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Pre-college programs to be held on campus this summer

Students enrolled in summer classes express concerns regarding campus health, uncertainty surrounding University priorities

The University intends to run its annual Summer@Brown and Leadership Institute pre-college programs in person at limited capacity this summer. The landscape of this summer’s programming will be distinctly different, with campus resources split between enrolled undergraduates in a modified summer trimester and pre-college program attendees.

Undergraduates enrolled in summer courses have expressed concerns regarding the safety of hosting the programs and courses concurrently given COVID-19 guidelines and limited campus resources. Still, the University says that it has protocols in place to ensure a safe summer for both populations, and an equitable division of resources among them.

Many undergraduates encountered difficulties registering for summer courses in an already altered academic and residential campus climate. Additionally, few underclassmen have experienced more than one full semester of normal, in-person instruction. 

“I think that the University’s decision to host summer programs is incredibly dismissive of the struggles that current students have gone through this year,” said Jared Giszack ’24. “This whole situation comes across as the school catering to the wants of non-Brown students while ignoring the genuine concerns of those who are currently enrolled,” he added.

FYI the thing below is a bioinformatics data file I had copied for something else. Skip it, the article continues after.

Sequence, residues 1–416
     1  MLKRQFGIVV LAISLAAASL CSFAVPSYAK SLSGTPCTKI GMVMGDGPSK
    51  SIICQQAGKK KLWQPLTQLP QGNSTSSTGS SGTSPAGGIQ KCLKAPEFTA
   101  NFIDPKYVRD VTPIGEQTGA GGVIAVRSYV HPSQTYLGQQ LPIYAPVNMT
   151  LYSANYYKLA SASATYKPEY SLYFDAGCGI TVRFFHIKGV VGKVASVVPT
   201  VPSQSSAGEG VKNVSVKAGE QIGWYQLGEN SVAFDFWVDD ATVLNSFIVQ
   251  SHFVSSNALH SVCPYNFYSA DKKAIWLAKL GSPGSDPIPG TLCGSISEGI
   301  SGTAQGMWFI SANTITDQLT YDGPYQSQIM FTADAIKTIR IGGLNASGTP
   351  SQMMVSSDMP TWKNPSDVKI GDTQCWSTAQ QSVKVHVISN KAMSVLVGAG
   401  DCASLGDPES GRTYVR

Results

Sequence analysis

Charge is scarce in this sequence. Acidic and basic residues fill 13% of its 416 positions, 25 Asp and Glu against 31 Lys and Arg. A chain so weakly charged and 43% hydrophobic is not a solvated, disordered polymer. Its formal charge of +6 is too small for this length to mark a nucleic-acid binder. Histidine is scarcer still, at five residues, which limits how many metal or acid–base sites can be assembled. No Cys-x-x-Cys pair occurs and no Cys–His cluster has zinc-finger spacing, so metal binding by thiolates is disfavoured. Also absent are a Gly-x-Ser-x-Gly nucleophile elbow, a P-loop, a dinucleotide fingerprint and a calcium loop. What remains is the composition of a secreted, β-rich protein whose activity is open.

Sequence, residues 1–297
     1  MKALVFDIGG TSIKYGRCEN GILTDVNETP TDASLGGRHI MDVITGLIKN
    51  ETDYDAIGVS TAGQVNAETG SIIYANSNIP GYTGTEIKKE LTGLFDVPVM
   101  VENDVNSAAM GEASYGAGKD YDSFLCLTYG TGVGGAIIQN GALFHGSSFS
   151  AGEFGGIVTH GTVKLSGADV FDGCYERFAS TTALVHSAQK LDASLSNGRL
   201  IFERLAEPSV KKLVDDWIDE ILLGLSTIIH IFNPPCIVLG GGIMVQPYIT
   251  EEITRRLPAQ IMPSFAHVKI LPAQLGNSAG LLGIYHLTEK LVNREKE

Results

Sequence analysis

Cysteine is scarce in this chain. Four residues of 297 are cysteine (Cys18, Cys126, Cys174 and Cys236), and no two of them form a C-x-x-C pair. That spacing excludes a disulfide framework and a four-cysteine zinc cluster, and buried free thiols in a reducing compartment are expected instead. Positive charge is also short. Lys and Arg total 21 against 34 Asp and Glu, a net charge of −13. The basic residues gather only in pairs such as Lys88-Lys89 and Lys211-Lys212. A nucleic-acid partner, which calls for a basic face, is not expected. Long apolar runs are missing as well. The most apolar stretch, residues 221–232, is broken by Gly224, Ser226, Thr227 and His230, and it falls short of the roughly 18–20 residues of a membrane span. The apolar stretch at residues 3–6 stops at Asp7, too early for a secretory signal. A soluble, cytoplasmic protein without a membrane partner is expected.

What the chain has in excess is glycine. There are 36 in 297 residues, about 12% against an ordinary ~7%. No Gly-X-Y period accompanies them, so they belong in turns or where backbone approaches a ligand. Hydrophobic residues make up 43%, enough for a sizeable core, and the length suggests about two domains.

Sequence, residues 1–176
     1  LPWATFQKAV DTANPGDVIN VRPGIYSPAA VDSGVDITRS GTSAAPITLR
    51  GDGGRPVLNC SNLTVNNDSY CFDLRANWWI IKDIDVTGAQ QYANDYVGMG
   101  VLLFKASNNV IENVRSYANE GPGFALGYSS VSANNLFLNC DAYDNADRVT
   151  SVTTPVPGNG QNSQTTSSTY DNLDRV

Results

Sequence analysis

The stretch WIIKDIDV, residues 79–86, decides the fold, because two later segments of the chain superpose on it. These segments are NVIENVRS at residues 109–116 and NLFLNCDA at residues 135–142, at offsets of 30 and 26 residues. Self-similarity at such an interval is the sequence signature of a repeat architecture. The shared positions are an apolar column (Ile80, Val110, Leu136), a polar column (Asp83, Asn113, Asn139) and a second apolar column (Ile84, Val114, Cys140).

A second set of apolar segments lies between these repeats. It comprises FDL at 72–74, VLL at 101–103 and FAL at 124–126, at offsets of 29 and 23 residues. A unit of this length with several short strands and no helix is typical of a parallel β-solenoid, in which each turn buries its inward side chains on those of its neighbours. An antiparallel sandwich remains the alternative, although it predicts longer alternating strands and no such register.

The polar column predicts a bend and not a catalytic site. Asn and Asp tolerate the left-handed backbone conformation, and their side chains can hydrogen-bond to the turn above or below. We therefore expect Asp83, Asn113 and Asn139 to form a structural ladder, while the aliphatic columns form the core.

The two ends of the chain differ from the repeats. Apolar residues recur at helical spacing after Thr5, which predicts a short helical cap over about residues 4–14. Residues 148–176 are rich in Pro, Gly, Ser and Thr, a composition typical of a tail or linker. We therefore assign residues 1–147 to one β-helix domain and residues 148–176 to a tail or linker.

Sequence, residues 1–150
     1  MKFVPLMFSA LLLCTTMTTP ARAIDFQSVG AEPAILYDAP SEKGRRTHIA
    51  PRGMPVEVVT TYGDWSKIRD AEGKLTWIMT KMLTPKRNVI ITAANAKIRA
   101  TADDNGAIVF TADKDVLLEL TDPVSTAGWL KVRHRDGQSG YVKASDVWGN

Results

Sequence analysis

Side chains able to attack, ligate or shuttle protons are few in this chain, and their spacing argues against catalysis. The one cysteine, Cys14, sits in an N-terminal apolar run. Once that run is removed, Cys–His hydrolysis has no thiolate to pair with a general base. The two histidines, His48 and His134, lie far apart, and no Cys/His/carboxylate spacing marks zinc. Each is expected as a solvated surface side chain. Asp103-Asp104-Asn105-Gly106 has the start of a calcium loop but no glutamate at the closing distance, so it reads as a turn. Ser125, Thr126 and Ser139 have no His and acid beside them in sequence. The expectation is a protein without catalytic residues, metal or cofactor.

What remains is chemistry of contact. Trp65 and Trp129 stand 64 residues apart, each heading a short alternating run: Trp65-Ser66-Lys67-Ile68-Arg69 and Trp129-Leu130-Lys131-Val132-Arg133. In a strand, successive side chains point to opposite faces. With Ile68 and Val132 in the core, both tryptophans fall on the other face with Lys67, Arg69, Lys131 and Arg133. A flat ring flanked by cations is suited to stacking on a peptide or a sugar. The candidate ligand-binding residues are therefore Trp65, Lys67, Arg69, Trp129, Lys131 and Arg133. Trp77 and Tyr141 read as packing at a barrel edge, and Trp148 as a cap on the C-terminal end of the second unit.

Ella Spungen ’23.5 shared Giszack’s concerns and expressed disappointment at the University's perceived lack of communication with undergraduates regarding the decision. “I learned of the University’s plans to bring high school students on campus (this summer) through their pre-college advertising, not from any communication from the school directly,” she said.

Spungen also expressed skepticism that the University’s plans to keep undergraduates separate from Summer@Brown attendees will actually mitigate interaction between them. “It seems to me, whatever Brown’s plans are to keep these populations separate … that there will inevitably be interactions between the two (populations),” she said.

In response to these concerns, Vice President for Campus Life Eric Estes wrote in an email to The Herald that “my understanding is that Summer@Brown is going to be a very self-contained experience and there will be no real interaction between students attending those programs and undergraduate students enrolled for the summer semester,” 

“Pre-college students will stay in residence halls that will only be used by them, pick up meals in dining halls only used by them and participate in activities in areas that are only used by them or that will be supervised by pre-college program staff to maintain safe distance from … other members of the University community,” wrote Adrienne Marcus, dean of pre-college and undergraduate summer programs in an email to The Herald.